It asks for 55 hours. That's ALL. What the heck good is that going to do?
Here is the exact wording of the petition: "In order to assure access to quality local library service, the City of Troy shall operate and maintain a public library open to the public for not less than 55 hours each week."
Is it intentionally worthless just to act as a bait-and-switch so some people will sign the peition believing they are saving the library? I wish I knew. 
Remember this
1) The mandate is not on the November ballot, so it's irrelevant.
2) The city attorney seems to believe it may be non-binding because it goes after an administrative issue (hours open):
"According to one of the speakers at the September 20, 2010 City Council meeting, it appears that the petition proposes an ordinance that requires the City to operate a library for 55 hours per week. State Statute limits the initiative process to legislative matters, and does not allow for ballot questions on administrative matters. This distinction between administrative and legislative matters led to a Charter Amendment ballot proposal in November 2005, seeking authority for advisory ballot questions. If filed, City Council would determine if the proposal meets the legislative criteria. Council could decide to place an administrative proposal on the ballot as a non-binding advisory question. (source, City Attorney's Administrative Memorandum Sept. 29, 2010)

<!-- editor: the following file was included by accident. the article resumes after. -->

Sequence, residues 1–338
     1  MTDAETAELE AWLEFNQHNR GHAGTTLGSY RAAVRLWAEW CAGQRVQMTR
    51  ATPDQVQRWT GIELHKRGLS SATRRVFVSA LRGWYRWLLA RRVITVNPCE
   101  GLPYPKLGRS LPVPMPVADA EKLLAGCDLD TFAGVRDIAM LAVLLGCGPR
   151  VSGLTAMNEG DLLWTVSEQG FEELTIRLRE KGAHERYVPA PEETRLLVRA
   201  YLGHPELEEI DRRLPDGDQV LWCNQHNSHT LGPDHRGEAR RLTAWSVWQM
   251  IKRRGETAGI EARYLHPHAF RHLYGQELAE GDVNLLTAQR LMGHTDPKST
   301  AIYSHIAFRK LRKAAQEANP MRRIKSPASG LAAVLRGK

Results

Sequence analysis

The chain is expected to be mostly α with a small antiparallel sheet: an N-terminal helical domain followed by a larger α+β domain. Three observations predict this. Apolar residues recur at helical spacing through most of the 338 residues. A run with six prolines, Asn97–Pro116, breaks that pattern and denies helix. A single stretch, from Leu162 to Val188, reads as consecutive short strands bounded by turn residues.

3) If it is correct language, but the city council turns it down, it will be required to go to an EXPENSIVE SPECIAL ELECTION within 150 days.
This is so exhausting. Why won't they simply let us have our library????? Have a fair election without all this interference?
My taxes have gone down $800 in two years. I can pony up $100 to get the library away from city council members like Martin Howyrlak.

Thursday, October 28, 2010

The Detroit News Gets It

October 23, 2010
To some, Bloomfield Hills is a cheap rich town

Since 2003, voters in nation’s 4th wealthiest city won’t foot bill for library

On its website, the city of Bloomfield Hills touts itself as the nation's fourth wealthiest city, with 39 percent of its "stately homes" worth more than $1 million and an outstanding public school system.
What it fails to mention is that its elite, well-educated residents won't pay for an amenity enjoyed by 99.5 percent of Michigan residents: a neighborhood public library.
Since 2003, when Bloomfield Hills opted out of a 39-year relationship with the Bloomfield Township Public Library, its 4,000 residents (median household income: $172,000 a year) have been library-less by choice.
The same city that boasts of being home to executives and sports stars, exclusive country clubs and fabulous homes, has been going cheap on borrowing books.